There's something a little distancing about controlling a skateboarding game with a regular hand controller. When you consider the supreme levels of balance, coordination and concentration required to do tricks on an actual skateboard, simulating the experience with a handheld piece of molded plastic seems almost like twiddling your thumbs. Arcade games like Sega's Top Skater have tried to fix this problem using a full sized skateboard controller with mixed results. Koei has adapted this idea to the more space- and price-conscious home market with a thumb-board controller that attaches to the Playstation 2's dual analog sticks.
Surprisingly, the thumb board makes controlling Yanya Caballista: City Skater (Yanya) seem even more distant from controlling an actual skateboard.
Sure, the various combinations of board-twisting, leaning, and clicking exercise slightly different thumb muscles than simply pressing the appropriate buttons, and require much more hand coordination. The controls also provide suitable analogues to the real-life board movements they simulate, so the control scheme seems natural from the get-go.
But the spotty way the game recognizes your board contortions makes the whole process an exercise in frustration. I can't count the number of times I mashed the back of the board to perform an Ollie only to see my on-screen avatar skating along as if I wasn't touching the controller. It's like trying to ride a real skateboard on which every jump only has a 50 percent chance of leaving the ground. Motions for tricks like grabs and spins are similarly disregarded.
It also seems odd that Koei would want a more realistic control scheme for a game that is one of the most unrealistic simulations of skating I've ever seen. Skaters in Yanya hang in the air interminably—as if they were skating on the moon—and can effortlessly maintain grinds for miles and miles. As a design decision, the weird physics fit well with the game's quirky irreverent nature, but the lack of realism makes the skateboard seem like more of a gimmick than a way to more accurately simulate skating that I had hoped for.
Fortunately, the board is removable and Koei has deigned to include a control scheme similar to the oft-imitated Tony Hawk's Pro Skater. As soon as I found this classic control scheme hidden in the options menu, my score for the game jumped at least four points. The controls immediately became more responsive and the control scheme, while less intuitive, was still natural.
Now I could finally sink my teeth into the gameplay. It seems that a mysterious alien race called the Gawoo have invaded New San Francisco in the near future. Luckily, the Gawoo are fascinated by skateboard tricks, to the point where they explode upon seeing a suitably impressive skateboard display. Sounds perfectly plausible to me! Let's get to it.
Initially, I was expecting a game like Tony Hawk's Pro Skater, with free form environments and highly varied goals. Instead, I found an experience more like Jet Set Radio: a strictly timed affair where the goals are all painfully similar and figuring out how to get to the next goal is half the challenge. The artistic parallels to Jet Set Radio are also apparent, from the obvious cel-shaded graphics to the subtly similar color palettes and ostentatious Japanese character designs. The similarities tread the fine line between homage and outright theft of the Jet Set Radio style and how much one can tolerate them will probably depend on personal taste.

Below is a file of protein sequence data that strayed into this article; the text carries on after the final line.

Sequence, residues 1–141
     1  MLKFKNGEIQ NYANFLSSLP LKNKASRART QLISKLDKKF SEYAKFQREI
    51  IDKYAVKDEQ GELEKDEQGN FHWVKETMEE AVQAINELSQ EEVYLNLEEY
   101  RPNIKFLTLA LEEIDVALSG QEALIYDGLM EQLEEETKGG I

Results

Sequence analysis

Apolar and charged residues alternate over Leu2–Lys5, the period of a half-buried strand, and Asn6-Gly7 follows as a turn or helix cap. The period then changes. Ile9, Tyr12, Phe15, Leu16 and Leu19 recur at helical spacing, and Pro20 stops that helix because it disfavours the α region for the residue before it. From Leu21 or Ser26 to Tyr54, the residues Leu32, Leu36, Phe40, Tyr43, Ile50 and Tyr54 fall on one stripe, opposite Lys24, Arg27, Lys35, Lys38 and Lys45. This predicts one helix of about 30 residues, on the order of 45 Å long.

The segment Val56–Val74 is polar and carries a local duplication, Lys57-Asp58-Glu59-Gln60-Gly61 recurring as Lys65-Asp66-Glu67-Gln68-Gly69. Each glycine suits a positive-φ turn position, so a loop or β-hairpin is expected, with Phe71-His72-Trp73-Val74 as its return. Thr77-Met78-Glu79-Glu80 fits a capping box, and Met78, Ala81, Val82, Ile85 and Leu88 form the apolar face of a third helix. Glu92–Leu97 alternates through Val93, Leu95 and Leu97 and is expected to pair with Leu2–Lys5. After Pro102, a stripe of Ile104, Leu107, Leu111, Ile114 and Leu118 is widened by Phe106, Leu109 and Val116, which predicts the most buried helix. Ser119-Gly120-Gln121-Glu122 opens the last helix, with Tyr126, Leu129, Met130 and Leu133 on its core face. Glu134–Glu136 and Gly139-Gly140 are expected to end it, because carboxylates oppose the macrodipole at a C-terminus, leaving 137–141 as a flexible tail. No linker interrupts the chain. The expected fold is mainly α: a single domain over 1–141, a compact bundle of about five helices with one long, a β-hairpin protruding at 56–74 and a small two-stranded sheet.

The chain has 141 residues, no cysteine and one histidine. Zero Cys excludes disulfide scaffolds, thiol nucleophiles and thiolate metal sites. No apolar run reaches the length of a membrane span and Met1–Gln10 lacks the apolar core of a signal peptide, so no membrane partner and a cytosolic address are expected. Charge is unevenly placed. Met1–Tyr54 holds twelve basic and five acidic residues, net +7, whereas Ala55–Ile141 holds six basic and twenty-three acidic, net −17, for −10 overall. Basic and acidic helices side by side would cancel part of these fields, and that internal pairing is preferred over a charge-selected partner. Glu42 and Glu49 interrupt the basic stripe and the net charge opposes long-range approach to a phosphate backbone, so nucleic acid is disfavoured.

Most of Yanya's appeal derives from its well-designed levels, which often resemble a good platforming game more than a traditional skateboard title. Especially impressive is one section in the fifth level in which criss-crossing ramps and pipes lead the player up to the top of a skyscraper filled cityscape, culminating in a breathtaking jump from thirty stories up. One mistake means starting again and losing valuable time, which keeps the tension high. I was also impressed with the game's well-balanced challenge curve, which manages to be difficult without being frustrating. Even though I wasn't able to complete most levels the first time, I was able to get farther and farther in the compartmentalized layout with each play, which made finally reaching the stage boss all the more satisfying.
The gameplay has one main flaw though: it's incredibly repetitive. The goal in each level is to perform tricks in front of the dozens and dozens of Gawoo. Some Gawoo require a certain type of trick to defeat (a grab, for instance), but this hardly shakes up the experience in any meaningful way. There are none of the racing, collecting or exploration-based goals that spice up other skating games, and the added ramp and challenge modes are just more of the same.
There's even a lack of variety of tricks, which are automatically performed with one button press, and lack the customization that lets a player add a personal touch to their routine. Performing the same generic "Spin-Flip-Grab" combo over and over isn't nearly as exciting as stringing together a "360 kickflip to melon grab revert" in Tony Hawk's Pro Skater.
I got the feeling that Yanya was trying too hard to be quirky for the sake of quirkiness. From the finger-board controller to the nonsense story and floaty physics, it seems Koei was trying to make a skateboarding game for people who don't like skateboarding games. If Tony Hawk's Pro Skater is the American sitcom of skateboarding games, with predictable pacing and familiar set pieces, than Yanya is the genre's ridiculous Japanese anime, always ready to mess with your expectations of what the genre should be. Much like New York City, it's a nice place to visit, but I wouldn't want to live there.